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New women veterans in the VHA: a longitudinal profile.

Friedman SA, Phibbs CS, Schmitt SK, Hayes PM, Herrera L, Frayne SM. New women veterans in the VHA: a longitudinal profile. Women's health issues : official publication of the Jacobs Institute of Women's Health. 2011 Jul 1; 21(4 Suppl):S103-11.

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Abstract:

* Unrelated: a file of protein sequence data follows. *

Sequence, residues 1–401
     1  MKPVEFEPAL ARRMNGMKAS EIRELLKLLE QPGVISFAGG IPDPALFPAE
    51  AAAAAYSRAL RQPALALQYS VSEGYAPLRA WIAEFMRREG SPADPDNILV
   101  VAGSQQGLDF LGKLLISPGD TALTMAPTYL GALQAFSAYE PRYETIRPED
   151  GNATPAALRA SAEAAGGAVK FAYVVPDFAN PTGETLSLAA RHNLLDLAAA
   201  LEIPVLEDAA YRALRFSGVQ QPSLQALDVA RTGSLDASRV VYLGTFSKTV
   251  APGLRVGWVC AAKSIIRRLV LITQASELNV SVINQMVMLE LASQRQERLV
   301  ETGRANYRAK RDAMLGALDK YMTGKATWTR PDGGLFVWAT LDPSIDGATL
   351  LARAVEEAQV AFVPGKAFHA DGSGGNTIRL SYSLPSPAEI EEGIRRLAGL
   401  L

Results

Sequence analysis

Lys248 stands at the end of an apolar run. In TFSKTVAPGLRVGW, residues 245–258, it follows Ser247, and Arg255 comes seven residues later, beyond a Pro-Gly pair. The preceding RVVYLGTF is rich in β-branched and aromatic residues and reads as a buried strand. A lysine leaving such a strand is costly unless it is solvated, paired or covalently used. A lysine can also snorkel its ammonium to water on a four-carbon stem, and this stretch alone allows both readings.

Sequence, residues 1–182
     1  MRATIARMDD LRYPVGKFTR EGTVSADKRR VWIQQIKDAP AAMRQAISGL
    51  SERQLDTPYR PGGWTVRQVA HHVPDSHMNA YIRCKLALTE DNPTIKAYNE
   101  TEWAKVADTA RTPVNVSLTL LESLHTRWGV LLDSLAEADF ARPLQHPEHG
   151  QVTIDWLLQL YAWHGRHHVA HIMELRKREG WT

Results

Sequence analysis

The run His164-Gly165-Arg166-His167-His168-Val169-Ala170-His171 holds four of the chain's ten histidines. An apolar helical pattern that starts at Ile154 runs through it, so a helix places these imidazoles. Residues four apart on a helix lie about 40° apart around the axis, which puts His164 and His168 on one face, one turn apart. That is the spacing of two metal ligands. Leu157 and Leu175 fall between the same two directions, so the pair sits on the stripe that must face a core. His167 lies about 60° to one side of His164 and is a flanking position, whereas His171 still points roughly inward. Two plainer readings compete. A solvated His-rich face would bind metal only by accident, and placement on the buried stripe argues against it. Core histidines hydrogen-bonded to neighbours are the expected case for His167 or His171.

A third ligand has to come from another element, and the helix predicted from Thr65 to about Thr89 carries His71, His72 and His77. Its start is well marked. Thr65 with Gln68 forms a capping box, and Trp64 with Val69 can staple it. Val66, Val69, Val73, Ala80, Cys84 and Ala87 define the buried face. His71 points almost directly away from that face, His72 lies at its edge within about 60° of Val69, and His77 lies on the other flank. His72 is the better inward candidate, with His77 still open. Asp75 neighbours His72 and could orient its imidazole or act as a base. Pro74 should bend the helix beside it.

OBJECTIVE: The number of women veterans using Veterans Health Administration (VHA) services has increased rapidly, but the characteristics of women joining VHA are not well understood. We sought to describe sociodemographic characteristics, utilization, and retention of new and returning women VHA patients over a 7-year period. METHODS: We identified women veterans who used VHA outpatient services from VHA Enrollment and Utilization files for fiscal years 2003 through 2009. "New" patients in a given year had no outpatient use within the prior 3 years. Patients were "retained" if they continued to use VHA in subsequent years. MAIN FINDINGS: Of the 287,447 women veteran VHA outpatients in 2009, 40,000 (14%) were new to VHA in that year and over half had joined VHA since 2003. Nearly two thirds of these new patients were younger than 45, and 43% carried a service-connected disability status. Most new patients (88%) received primary care services in 2008, and 40% used mental health services. Repeated use of mental health services (at least three visits per year) nearly doubled among new patients (from 11% in 2003 to 20% in 2008). Among those using VHA primary care in 2006, 68% of new patients versus 91% of returning patients were retained in either of the subsequent 2 years. CONCLUSION: The influx of new women veterans seeking VHA services in recent years, combined with their high rate of retention within VHA, contribute to the marked increase in numbers of women veterans using VHA. Many require fairly intensive VHA services.





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